Mol for mol, the aqueous phosphate stabilized basic polyaluminum sulfate solution is a far better coagulant than alum. Reduced dosage requirements of 30% are commonplace. In some natural waters reductions of 50% have been experienced. This means, among other things, reduced volumes of aluminum derived sludges in water treatment plants.

The aqueous phosphate stabilized basic polyaluminum sulfate solution is closely comparable in its effectiveness to polyaluminum chloride solution. A 45% basicity polyaluminum sulfate is comparable to a 70% basicity polyaluminum chloride while lower basicity polyaluminum chloride is not effective. Furthermore, overdosing of polyaluminum chloride is low alkalinity waters can reverse the clarification function. Aqueous phosphate-stabilized basic polyaluminum sulfate solution does not suffer this disadvantage.

EXAMPLE 1

This example illustrates the preparation of a physically stable aqueous phosphate-stabilized high basicity polyaluminum sulfate solution, as well as the preparation therefrom of blends with ordinary aluminum sulfate (commercial "alum") thereby forming a series of lower basic, high performance polyaluminum sulfate compositions.

I. Preparation of Stable Aqueous Phosphate-Stabilized High Basicity Polyaluminum Sulfate

A convenient synthesis was based on the reaction of aluminum sulfate with ground calcium carbonate in the presence of phosphoric acid as represented by the equation below: ##EQU1##

200.0 grams of commercial "dry alum" containing 17.1% Al2 O3 with 2.7% basicity, and 8.5 grams of 85.2% H3 PO4, were added to 187 grams of water in a Waring Blender. The mixture was stirred at a slow speed until as much as possible of the alum had dissolved. The degree of agitation was then increased to near maximum level and 54.8 grams of powdered calcium carbonate (99.2% CaCO3) added a little at a time over a period of about 15 minutes. After all the CaCO3 had been added, stirring was continued until the temperature of the resulting polyaluminum sulfate/gypsum slurry rose to about 40 C. and CO2 evolution had ceased. The weight of the reaction mixture was adjusted to 425 grams by addition of a small amount of water as required. The gypsum solids were separated by filtration, yielding 280 grams of clear aqueous phosphate-stabilized polyaluminum sulfate product solution. Analysis of the product solution indicated:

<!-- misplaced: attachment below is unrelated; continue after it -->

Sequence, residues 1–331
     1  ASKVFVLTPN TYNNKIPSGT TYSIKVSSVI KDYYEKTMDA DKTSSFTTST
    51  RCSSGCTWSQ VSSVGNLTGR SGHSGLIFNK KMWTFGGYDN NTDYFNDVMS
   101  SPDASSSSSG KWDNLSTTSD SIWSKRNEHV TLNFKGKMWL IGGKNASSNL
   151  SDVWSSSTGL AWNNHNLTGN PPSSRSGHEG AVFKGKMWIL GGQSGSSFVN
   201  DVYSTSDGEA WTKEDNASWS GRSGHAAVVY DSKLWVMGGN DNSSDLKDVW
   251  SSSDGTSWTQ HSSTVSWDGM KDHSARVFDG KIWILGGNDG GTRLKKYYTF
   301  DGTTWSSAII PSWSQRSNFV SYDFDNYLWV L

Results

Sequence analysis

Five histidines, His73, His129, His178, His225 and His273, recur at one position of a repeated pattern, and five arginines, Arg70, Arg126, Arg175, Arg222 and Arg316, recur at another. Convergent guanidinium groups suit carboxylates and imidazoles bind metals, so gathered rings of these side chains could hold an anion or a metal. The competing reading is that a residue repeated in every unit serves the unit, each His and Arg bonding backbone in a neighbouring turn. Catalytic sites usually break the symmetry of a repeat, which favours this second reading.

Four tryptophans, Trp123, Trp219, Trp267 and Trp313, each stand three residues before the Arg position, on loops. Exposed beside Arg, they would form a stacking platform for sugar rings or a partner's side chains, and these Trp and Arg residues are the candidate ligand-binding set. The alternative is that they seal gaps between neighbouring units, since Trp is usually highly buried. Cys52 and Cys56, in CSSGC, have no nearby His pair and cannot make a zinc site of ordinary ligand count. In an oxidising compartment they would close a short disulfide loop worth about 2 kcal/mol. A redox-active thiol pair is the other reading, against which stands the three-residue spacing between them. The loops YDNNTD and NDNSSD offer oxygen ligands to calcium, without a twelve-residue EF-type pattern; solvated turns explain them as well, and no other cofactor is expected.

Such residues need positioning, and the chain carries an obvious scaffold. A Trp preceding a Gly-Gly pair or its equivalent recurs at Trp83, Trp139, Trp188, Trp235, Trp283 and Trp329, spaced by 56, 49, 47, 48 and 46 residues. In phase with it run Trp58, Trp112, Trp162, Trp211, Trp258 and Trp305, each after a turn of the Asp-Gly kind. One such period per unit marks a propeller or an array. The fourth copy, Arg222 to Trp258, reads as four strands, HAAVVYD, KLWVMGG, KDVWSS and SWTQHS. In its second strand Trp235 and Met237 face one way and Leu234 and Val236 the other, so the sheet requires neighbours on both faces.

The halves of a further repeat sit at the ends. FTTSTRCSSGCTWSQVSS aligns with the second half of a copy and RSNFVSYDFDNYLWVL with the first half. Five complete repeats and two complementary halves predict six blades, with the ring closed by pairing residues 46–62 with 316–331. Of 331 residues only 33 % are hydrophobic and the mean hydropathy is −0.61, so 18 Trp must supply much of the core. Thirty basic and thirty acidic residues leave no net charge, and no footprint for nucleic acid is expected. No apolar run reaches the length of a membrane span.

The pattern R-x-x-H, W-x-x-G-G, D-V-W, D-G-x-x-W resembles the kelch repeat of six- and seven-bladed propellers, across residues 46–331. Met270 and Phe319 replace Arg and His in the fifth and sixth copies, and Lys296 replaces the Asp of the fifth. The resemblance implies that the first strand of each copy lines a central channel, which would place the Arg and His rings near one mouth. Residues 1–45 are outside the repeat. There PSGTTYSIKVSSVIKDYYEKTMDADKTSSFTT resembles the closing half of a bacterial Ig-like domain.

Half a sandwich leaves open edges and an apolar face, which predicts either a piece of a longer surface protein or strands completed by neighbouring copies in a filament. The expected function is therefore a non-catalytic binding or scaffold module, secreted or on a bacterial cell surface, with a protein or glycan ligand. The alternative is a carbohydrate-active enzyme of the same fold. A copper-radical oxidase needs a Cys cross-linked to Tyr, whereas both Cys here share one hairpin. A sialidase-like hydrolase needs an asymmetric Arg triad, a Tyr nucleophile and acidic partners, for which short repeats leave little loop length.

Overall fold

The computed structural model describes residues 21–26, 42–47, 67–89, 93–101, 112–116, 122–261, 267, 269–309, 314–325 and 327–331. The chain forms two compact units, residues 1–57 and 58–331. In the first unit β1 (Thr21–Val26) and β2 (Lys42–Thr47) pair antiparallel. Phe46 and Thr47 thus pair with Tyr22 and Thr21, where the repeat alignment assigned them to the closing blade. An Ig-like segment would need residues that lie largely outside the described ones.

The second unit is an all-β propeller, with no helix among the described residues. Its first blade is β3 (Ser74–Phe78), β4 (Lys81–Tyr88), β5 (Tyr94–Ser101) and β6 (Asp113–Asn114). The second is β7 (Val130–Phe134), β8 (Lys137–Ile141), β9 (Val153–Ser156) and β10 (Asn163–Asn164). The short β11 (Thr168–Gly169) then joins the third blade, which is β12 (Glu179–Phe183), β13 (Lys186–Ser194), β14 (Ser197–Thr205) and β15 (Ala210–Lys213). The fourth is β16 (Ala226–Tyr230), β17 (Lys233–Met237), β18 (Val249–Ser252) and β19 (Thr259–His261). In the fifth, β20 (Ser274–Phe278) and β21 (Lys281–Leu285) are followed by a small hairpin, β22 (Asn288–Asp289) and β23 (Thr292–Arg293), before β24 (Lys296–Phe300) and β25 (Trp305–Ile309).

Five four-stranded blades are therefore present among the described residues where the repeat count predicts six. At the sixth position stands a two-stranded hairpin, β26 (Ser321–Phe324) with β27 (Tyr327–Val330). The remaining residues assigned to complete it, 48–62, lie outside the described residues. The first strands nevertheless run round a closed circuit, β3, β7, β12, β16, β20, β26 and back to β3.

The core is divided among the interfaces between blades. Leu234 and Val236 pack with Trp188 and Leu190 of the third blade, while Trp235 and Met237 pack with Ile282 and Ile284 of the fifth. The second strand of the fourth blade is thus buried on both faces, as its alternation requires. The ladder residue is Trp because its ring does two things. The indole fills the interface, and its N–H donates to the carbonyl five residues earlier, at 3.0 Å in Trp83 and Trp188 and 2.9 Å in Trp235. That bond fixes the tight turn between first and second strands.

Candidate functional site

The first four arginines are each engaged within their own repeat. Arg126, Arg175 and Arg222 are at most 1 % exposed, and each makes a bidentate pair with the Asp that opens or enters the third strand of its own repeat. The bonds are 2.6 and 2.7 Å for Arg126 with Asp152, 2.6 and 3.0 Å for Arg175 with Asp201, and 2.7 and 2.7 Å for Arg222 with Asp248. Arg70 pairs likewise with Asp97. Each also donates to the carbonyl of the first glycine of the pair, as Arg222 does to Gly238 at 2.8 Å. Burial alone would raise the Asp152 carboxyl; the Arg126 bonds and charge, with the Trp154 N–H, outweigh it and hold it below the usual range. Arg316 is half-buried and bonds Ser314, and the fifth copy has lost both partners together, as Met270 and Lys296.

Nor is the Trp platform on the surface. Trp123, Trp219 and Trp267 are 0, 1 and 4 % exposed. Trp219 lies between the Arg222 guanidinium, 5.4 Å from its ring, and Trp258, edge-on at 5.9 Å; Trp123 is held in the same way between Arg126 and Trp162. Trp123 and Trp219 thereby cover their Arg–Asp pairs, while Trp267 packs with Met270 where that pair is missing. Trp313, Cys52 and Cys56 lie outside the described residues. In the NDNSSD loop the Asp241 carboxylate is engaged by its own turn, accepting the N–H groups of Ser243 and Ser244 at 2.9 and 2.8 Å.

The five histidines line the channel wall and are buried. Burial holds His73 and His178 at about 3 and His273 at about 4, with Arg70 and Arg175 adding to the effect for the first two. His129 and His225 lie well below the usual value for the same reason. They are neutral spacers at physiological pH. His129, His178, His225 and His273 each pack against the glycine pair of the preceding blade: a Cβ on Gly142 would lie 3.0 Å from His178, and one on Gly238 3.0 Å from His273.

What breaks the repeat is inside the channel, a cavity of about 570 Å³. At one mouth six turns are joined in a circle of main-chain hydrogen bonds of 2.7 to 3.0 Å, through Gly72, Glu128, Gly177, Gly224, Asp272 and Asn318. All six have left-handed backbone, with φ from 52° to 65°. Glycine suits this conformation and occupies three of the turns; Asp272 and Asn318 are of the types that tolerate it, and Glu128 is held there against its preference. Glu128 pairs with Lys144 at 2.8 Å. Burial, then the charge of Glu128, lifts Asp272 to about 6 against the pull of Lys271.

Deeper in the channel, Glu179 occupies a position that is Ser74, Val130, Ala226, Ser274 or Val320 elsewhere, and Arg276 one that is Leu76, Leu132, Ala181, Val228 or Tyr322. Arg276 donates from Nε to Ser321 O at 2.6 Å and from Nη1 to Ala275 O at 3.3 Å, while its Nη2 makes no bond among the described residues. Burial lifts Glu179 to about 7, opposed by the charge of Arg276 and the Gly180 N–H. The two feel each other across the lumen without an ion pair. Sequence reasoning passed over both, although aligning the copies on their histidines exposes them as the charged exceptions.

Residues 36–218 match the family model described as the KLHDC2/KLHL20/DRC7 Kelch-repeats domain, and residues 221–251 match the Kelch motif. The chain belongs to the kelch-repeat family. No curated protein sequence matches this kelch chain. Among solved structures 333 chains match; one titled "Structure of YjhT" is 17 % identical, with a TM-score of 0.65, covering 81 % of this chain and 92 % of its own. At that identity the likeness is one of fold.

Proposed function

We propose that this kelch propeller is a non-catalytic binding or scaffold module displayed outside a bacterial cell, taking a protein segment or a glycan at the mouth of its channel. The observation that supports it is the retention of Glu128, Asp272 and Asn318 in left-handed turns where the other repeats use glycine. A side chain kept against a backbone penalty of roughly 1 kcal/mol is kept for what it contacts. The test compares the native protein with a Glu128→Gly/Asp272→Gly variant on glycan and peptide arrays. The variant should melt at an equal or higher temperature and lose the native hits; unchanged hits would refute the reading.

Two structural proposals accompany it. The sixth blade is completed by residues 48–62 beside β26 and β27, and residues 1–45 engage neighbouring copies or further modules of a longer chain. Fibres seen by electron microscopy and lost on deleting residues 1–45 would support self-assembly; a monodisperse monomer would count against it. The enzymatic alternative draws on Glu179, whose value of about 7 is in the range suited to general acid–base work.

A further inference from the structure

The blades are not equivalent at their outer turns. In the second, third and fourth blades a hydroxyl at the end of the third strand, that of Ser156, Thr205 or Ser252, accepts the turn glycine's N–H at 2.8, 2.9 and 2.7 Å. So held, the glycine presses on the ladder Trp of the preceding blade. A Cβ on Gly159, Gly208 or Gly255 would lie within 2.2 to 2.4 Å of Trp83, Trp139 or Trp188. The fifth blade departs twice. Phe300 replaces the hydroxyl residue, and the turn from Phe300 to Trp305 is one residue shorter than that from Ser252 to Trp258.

10.29% Al2 O3, 12.58% SO4, 2.05% PO4 by weight corresponding to a 53% phosphate-stabilized polyaluminum sulfate of the composition:

Al(OH)1.59 (SO4)0.65 (H2 PO4)0.11

The product was heat treated in a rotating sealed container at 60 C. for one hour.

II. Physical Stability of the Aqueous Phosphate-Stabilized Polyaluminum Sulfate Product Solution

The physical stability of the aqueous phosphate-stabilized basic polyaluminum sulfate product solution prepared as above was evaluated by (a) a dynamic test involving pumping and handling designed to simulate operations likely to be encountered in commercial transportation and use, and (b) a specially designed response to a seeding test described below.

II-A. Physical Stability Test Based on Seeding

This test was based on the response of the aqueous phosphate-stabilized basic polyaluminum sulfate solution to seeding by a specific crystalline basic aluminum sulfate which was found to be characteristic of the solid phase which deposits from metastable polyaluminum sulfate solutions on self-destabilization over a wide range of basicities (>25%). The seed had the composition 5 Al2 O3.6SO3.24H2 O with a well-defined x-ray diffraction pattern and hydrated rapidly in aqueous polyaluminum sulfate to the 40 hydrate, a compound characterized by Bassett and Goodwin (J. Chem. Soc. 1949, page 2248). The response to the seed was monitored by periodic turbidity measurements of the continuously rotated sample following innoculation as described below:

Approximately 20 ml of the aqueous phosphate-stabilized polyaluminum sulfate sample were transferred into a clear glass serum ampule whose cylindrical portion was 7.5 cm in length and 2.0 cm in diameter. Approximately 2 milligrams of the basic aluminum sulfate seed crystal, ground to -325 mesh, was introduced into the aqueous phosphate-stabilized polyaluminum sulfate solution and the ampule sealed with a tightfitting rubber closure (or flamesealed). The seed was dispersed throughout the sample by manual shaking and an initial turbidity measured by a suitable instrument, e.g. the Hach Model 2100A nephelometer. The ampule was then subjected to a continuous cyclic up-ending as by attachment to the wheel of a ColeParmer Model 7637 Rotator.

Periodic turbidity measurements were recorded daily or more frequently for samples obviously destabilizing rapidly.

The above test was used for the evaluation of various aqueous phosphate-stabilized polyaluminum sulfate solutions, some of which were prepared from reagent alum and others from commercial alum. The former were colorless, while the latter had a light brown color attributable to certain associated impurities or combinations thereof (e.g. iron and organic matter). It was observed during seeding tests that the color of the commercial preparations significantly reduced the turbidity readings compared with comparable reagent counterpart compositions with visually identical turbidities. This precluded direct comparisons of commercial and reagent turbidity data.